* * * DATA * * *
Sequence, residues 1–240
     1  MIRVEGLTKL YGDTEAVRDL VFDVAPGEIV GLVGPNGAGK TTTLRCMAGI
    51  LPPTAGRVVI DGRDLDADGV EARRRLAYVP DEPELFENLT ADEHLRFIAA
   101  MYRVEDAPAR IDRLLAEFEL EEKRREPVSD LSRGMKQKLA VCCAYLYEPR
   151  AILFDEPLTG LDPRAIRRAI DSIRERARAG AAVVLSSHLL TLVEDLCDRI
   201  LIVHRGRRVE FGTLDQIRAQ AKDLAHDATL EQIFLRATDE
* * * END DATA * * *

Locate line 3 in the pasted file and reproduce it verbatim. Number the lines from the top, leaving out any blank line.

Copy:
    51  LPPTAGRVVI DGRDLDADGV EARRRLAYVP DEPELFENLT ADEHLRFIAA